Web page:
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A Modern Musical

   The goal of any great musical is to transport the audience to a world in which internal thoughts are belted out, love blossoms over the course of a duet and all of life's problems can be solved with some tap dancing. Thoroughly Modern Millie, the 2002 Tony-award-winning musical, creates a universe where dance and song heal all wounds, albeit if only superficially.

   As the final production of the Maltz Jupiter Theatre's tenth anniversary season, Thoroughly Modern Millie is the ideal after-dinner mint: refreshing, light and leaves you feeling satisfied. The cast–led by the delightful Laurie Veldheer–delivers demanding choreography and hilarious characterizations, while the 1920s costumes and Art Deco-inspired set design bring the glory days of NYC to life.

Laurie Veldheer as Millie Dillmount and Ashley Kate Adams as Miss Dorothy. Photo by Alicia Donelan.

   Set in 1922, Thoroughly Modern Millie revolves around Kansas-born Millie Dillmount's attempt to survive and thrive in the Big Apple. She works as a stenographer while trying to make it big as an actress and land a well-to-do husband, two dreams shared by the gaggle of girls she befriends while living at the Hotel Priscilla. Millie subsidizes her workdays with thrilling evenings in the city with the charming Jimmy Smith and her best friend, Miss Dorothy. Problems arise when Millie notices that orphaned girls who check into the Hotel Priscilla keep disappearing, including Miss Dorothy; Millie then must join forces with Jimmy and her boss to thwart the hotel's dubious proprietor, Mrs. Meers.

   Laurie Veldheer shines as the endlessly charismatic Millie Dillmount. Coming straight from the Broadway production of Newsies, Veldheer has dancing chops and turn-of-the-century gumption to spare. Her mezzo-soprano voice remains strong from her opening solo all the way to curtain call, and her chemistry with Jimmy (Jeff Kready) is palpable.

   In this production, however, the supporting cast steals the show. Lenora Nemetz brings down the house as the pseudo-Chinese Mrs. Meers. A veteran Broadway actress, Nemetz delivers a devilish performance reminiscent of a sly Disney villain. Her scenes with her two underlings, Bun Foo and Ching Ho, capture the campy essence of the musical. Since Bun Foo and Ching Ho do not speak English, a translation screen pops up whenever they're onstage, a comedic device that never wears out its welcome.

Lenora Nemetz as Mrs. Meers, Billy Bustamante as Bun Foo and James Seol as Ching Ho. Photo by Alicia Donelan.

   If Mrs. Meers is the villain, then Miss Dorothy is the quintessential princess. Ashley Kate Adams plays her to perfection, her angelic blonde curls flouncing with each turn and light giggle. While visiting Millie at work, Miss Dorothy catches the eye of Millie's boss, Mr. Graydon. Few words can describe Burke Moses' grandiose (there's one!) portrayal of Mr. Graydon. Histrionic in a good way and charmingly bombastic, Moses breathes new life into what could potentially be a rather flat character. The highlight of the entire production comes when Miss Dorothy and Mr. Graydon lay eyes on each other for the first time. They immediately break out into "Ah! Sweet Mystery of Life!/I'm Falling in Love with Someone," a parody of a love song complete with dreamy lighting and bird sound effects.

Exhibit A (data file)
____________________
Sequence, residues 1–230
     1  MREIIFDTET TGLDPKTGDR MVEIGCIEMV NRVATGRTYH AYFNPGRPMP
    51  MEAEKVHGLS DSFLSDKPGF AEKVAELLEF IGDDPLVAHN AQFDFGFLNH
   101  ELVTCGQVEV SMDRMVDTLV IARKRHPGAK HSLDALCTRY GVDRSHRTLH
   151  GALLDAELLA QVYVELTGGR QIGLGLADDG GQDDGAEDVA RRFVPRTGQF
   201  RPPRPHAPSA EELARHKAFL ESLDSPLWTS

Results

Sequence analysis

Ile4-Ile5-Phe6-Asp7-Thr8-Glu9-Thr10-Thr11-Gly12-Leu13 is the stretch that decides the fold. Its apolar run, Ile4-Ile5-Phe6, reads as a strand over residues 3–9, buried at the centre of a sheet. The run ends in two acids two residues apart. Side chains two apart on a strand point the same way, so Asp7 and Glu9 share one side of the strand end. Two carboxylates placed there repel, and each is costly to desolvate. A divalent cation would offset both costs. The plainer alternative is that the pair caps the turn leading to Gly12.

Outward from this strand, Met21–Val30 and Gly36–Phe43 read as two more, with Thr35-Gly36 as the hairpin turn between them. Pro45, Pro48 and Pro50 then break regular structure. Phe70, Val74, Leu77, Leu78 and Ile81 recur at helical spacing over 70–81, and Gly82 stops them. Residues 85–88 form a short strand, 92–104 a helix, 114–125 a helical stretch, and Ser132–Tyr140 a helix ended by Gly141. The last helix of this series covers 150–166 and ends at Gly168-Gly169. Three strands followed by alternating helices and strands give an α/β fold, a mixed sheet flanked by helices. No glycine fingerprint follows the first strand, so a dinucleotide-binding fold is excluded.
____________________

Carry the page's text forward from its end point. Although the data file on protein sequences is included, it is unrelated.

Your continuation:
All of this terrific characterization is complemented by flawless choreography. The copious tap dancing and 1920s moves, choreographed by Denis Jones, will leave you doing the Charleston in your seat. Stand out numbers occur when the choreography deviates from the norm. "The Nutty Cracker Suite" features Millie and the girls letting loose after a few swigs of illegal gin; drunken falls and missteps transition into swing dance routines. The office numbers, including "The Speed Test" and "Forget About the Boy," see the girls swung about the stage in their stenographer desks. They tap dance as they scoot around, never missing a beat or a note.

Laurie Veldheer leads the pack as Millie Dillmount. Photo by Alicia Donelan.

   As with all Maltz Jupiter Theatre productions, the set and costume designs are spectacular. Unlike many plays and musicals, Thoroughly Modern Millie takes place in a myriad of locations, including the streets of New York, the hotel, Millie's office and a seedy laundry room, to name a few. Each scenic piece, designed by Michael Schweikardt, is perfectly Art Deco and features clean lines, great height and steely colors. The addition of Gail Baldoni's costume design completes the transformation. All of the women don a number of amazing drop-waist dresses, skullcaps and adorable bobs. The men sport wide-legged trousers, pinstriped suits and the occasional fedora.

   The goal of all theater is escapism. The Maltz Jupiter Theatre's production of Thoroughly Modern Millie allows the audience to escape to a fantastical world with stellar choreography, chic everyday wear and unbridled enthusiasm. By the end of the two-and-a-half-hour musical, you'll be begging for a room at the Hotel Priscilla, dubious proprietor and all.

The Maltz Jupiter Theatre's Thoroughly Modern Millie runs through March 24. To learn more or to purchase tickets, visit

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February 2015